An arithmetic progression is a sequence of the form ak + b where a and b are fixed and k runs through integer values. The goal of this section is to discover whatever we can about primes in arithmetic progessions.
Let's start by looking at some terms of the arithmetic progression 3k + 7:
Can you guess what would happen if we considered the corresponding progression 3k + 7?
It was exactly the same, except for the ordering. It is not hard to see why this will happen in general, so we will restrict to positive values for a. Next observe that the integers in the progession ak + b are the integers in the congruence class of b modulo a. For example, the numbers of the form 3k + 7 are the integers congruent to 7 modulo 3. We could get the same set by taking integers of the form 3k + 1 because 7 1 (mod 3).
Keep in mind that we are seeing only part of an infinite sequence of numbers; adjust the bounds on the sequences to convince yourself that we are seeing the same set.
We can now safely restrict the values of b to the possible remainders on division by a. Given an integer a, there are a congruence classes and each integer is in one of those congruence classes. Our questions about primes in arithmetic progressions can be thought of in terms of "how do the primes divide themselves among the different congruence classes modulo a?"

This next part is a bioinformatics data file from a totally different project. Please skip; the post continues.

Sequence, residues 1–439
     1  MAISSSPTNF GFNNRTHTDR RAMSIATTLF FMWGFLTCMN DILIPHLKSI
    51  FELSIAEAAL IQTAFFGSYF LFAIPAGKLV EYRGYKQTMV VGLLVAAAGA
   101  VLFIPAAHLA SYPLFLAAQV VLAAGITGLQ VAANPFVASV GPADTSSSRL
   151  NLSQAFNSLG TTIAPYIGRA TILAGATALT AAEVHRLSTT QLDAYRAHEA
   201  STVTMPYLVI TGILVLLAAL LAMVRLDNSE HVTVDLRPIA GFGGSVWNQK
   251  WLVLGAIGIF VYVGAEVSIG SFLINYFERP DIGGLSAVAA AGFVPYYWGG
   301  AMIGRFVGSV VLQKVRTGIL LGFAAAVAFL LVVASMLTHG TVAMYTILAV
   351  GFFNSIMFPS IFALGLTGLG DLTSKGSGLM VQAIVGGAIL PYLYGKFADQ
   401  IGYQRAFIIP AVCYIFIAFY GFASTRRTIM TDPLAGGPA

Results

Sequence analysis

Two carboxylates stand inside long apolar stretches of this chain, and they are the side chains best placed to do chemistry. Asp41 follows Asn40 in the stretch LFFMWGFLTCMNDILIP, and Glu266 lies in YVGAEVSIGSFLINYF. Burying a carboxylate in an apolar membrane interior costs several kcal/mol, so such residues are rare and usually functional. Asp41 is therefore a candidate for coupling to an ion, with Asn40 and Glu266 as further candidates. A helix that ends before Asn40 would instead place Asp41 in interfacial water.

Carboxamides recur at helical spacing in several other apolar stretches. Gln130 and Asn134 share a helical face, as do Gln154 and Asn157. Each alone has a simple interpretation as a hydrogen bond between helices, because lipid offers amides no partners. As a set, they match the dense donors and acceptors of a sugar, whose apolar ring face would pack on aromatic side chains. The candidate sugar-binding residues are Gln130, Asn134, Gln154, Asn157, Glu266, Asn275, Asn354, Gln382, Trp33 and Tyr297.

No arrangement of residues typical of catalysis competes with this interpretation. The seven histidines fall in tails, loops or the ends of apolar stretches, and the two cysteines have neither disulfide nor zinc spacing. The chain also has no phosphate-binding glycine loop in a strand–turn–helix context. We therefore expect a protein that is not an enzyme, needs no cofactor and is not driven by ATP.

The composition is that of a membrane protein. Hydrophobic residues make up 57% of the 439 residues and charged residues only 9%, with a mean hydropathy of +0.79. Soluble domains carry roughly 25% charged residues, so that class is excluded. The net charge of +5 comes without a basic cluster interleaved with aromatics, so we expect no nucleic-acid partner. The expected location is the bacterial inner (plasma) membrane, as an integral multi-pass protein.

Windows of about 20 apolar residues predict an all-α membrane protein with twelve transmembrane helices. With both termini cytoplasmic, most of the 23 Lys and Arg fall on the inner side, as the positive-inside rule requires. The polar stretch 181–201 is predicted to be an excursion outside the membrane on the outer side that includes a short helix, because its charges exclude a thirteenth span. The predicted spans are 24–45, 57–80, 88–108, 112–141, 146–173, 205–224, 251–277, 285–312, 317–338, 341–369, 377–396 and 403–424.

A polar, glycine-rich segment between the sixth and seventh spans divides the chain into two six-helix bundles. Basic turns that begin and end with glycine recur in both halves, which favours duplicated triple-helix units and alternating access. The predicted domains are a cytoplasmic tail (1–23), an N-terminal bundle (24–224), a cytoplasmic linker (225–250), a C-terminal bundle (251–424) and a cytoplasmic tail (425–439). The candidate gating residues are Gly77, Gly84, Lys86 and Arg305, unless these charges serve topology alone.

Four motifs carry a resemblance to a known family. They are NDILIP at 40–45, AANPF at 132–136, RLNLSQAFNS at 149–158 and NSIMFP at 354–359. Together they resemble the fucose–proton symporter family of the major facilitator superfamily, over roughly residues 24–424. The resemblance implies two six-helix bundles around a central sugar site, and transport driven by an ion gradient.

The applet below looks at the first M primes and counts how many are in each different congruence class modulo a. As a first example, let's try it on the congruence classes modulo 5 and the first 100 primes.
The number of primes that are congruent to 1 is listed first, the number congruent to 2 is listed second, and so on. So, the computation tells us that 24 of the first 100 primes are congruent to 1 modulo 5. The last entry says that only one of the first 100 primes is congruent to 5 modulo 5.
Research Question 4
Address the three questions given in the introduction of this chapter for numbers of the form ak + b:1. Under what conditions is an integer of this form always prime?
2. Under what conditions is an integer of this form always composite?
3. Are there infinitely many primes of this form?
Section 6.1 | Section 6.2 | Section 6.3 | Section 6.4
Chapter 6 | DNT Table of Contents
Copyright © 2001 by W. H. Freeman and Company